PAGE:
Saturday, May 31, 2008
Friday, May 30, 2008
Thursday, May 29, 2008
Wednesday, May 28, 2008
“On a stormy day in March, 1823, an earnest priest came all the tortuous distance from Detroit, to say mass to a little gathering of faithful French Catholics, in their rude little log cabin in the frontier village of Lower Sandusky [Fremont]. … here really begins the history of the venerable St. Ann’s Church.”
Three brothers, Joseph, Anthony and Peter Momenay, as well as John B. Beaugrand, his wife and seven children, French Catholics, came to Fremont from Detroit. Beaugrand asked his former pastor, Rev. Gabriel Richard of St. Anne’s in Detroit, to pay a visit and bless his home. Fr. Richard said the first Mass in Fremont.
Fr. Gabriel Richard
“His stay was only for a few days during which he also visited the French families at La Prairie, eight miles from Lower Sandusky. After Father Richard’s departure no priest visited the village for some years, but between 1826 and 1831 Bishop Fenwick, on his way to Michigan, stopped over at Lower Sandusky two or three times and looked after the spiritual wants of his neglected little flock.”
Tuesday, May 27, 2008
Monday, May 26, 2008
Sunday, May 25, 2008
Saturday, May 24, 2008
Another procession will be from St. Thomas More University Parish to St. Aloysius, both in Bowling Green. This one will follow the 5 PM Mass at St. Thomas. There's more at their WEBSITE.
We need to see more of this sort of thing. By the way, the picture's in North Carolina. If anyone gets pictures tomorrow, we'd be happy to post them with credit.
Friday, May 23, 2008
I noticed, when it was released, that everyone with an axe to grind, especially in cyberspace, rushed to use the survey to prove their own particular versions of gloom and doom. Actually taking a close look at the survey, in context, presents a different story.
For example, Mark Gray, of CARA, points out that, while the Church lost more members than any denomination “it's also the biggest religion and when you translate the discussion in to proportions you can see the Catholic Church is doing quite well comparatively. It keeps more of its young faithful than any Protestant denomination.”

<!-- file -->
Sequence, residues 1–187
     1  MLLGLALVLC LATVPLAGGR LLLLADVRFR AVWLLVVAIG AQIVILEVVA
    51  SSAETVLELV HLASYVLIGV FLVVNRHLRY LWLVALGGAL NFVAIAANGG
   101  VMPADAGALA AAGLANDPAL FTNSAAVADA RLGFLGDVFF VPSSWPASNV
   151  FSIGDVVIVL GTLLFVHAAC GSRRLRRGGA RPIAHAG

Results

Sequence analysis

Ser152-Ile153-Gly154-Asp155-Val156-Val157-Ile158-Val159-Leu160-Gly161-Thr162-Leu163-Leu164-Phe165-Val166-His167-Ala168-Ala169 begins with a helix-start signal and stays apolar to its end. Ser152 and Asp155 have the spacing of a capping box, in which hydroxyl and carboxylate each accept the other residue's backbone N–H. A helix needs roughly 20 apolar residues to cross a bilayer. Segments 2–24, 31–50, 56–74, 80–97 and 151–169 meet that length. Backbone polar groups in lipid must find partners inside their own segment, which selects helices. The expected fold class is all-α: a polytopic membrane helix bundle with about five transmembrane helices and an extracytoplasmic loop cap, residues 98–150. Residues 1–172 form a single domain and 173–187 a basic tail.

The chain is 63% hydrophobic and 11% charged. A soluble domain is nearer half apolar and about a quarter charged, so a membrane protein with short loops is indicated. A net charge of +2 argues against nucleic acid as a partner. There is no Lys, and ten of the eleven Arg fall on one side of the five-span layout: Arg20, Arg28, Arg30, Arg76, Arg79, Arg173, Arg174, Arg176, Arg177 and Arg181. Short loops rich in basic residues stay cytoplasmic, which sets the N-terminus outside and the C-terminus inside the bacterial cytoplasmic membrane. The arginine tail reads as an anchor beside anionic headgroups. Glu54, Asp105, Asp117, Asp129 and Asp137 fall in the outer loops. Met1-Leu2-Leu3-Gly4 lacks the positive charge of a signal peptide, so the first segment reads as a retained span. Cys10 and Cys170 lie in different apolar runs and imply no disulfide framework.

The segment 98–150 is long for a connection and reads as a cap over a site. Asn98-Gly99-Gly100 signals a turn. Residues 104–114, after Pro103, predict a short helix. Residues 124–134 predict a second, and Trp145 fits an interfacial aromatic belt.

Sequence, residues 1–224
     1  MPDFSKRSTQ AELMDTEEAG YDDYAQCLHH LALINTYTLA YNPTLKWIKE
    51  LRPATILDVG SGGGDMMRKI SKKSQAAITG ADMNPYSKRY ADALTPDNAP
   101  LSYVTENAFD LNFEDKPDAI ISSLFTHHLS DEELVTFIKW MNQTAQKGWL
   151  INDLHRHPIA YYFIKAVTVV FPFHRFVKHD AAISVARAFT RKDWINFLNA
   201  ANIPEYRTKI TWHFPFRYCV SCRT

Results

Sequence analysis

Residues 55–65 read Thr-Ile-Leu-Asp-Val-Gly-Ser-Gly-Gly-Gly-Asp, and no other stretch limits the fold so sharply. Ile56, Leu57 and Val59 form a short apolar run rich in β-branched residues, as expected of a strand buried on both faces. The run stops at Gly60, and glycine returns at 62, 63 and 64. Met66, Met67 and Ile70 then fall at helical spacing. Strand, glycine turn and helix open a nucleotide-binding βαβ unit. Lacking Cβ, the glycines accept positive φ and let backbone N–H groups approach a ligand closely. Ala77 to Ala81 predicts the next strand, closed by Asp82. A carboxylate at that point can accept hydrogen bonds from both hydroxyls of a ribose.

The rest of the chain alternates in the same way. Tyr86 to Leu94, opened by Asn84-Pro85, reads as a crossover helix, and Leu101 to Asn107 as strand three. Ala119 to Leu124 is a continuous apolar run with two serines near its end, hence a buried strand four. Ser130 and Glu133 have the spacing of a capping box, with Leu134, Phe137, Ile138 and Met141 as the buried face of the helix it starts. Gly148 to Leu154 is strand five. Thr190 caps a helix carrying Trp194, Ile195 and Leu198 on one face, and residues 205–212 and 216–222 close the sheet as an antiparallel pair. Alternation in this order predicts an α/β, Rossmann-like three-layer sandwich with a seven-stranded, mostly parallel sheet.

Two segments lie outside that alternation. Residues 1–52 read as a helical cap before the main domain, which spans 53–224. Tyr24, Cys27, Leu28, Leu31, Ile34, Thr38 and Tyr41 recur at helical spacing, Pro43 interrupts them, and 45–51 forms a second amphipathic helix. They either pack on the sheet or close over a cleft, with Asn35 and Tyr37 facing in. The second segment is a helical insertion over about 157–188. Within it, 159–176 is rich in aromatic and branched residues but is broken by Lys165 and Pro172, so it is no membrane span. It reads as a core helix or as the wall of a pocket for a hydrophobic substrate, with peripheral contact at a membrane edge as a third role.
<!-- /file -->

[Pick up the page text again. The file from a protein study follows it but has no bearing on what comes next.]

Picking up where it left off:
68% of those who are raised Catholic, stay Catholic. Compare that with the rates of 60% for Baptists, 59% for Lutherans, 47% for Methodists and Pentecostals, 45% for Episcopalians, and 40% for Presbyterians. Contrary to hype, there's no mass exodus from the Church.
Furthermore, there's been no sudden loss, but a steady rate over the years. 54% of those who have left the Church did so before 1988. That rather puts a crimp in the blame game.
The simple truth is that the Church is steadily growing.
Thursday, May 22, 2008
Bihn had immigrated to America from Bavaria with his mother and several brothers and sisters in 1845. A few years later he worked as a clerk at Alcott, Horton & Co., a dry-goods store in Cleveland. While working, he met Bishop Amadeus Rappe and told him that he wished to be a priest. Bishop Rappe encouraged him, and after several years Bihn had saved enough money to enter the seminary.
Bihn's grave at St. Francis in Tiffin
Rev. Seraphin Bauer, a classmate of Fr. Bihn, eulogized him as follows:
“When Joseph Louis Bihn, at the impulse of the Holy Spirit, bade farewell to the counter in the dry-goods store at Cleveland, he was scarcely able to read and write English though already 30 years of age. Despite this fact, he began his studies A.D. 1852 with truly apostolic courage…
His task resembled that of the decrepit old man we read of who had to clear a large tract of woods, yet he shunned not the burden but on the contrary, like St. Ignatius Loyola he attended school at a similar age, for the purpose of mastering a difficult foreign language and the science of sciences – theology.
Many a time I admired his courage, his close application, and his iron-clad endurance and perseverance, and now that I see his life’s work before me I am still more astounded …”
The entrance to the convent, dated 1917. The inscription says "l'abri des soeurs", which translates to something like "sisters' home." I rather like the sound of that.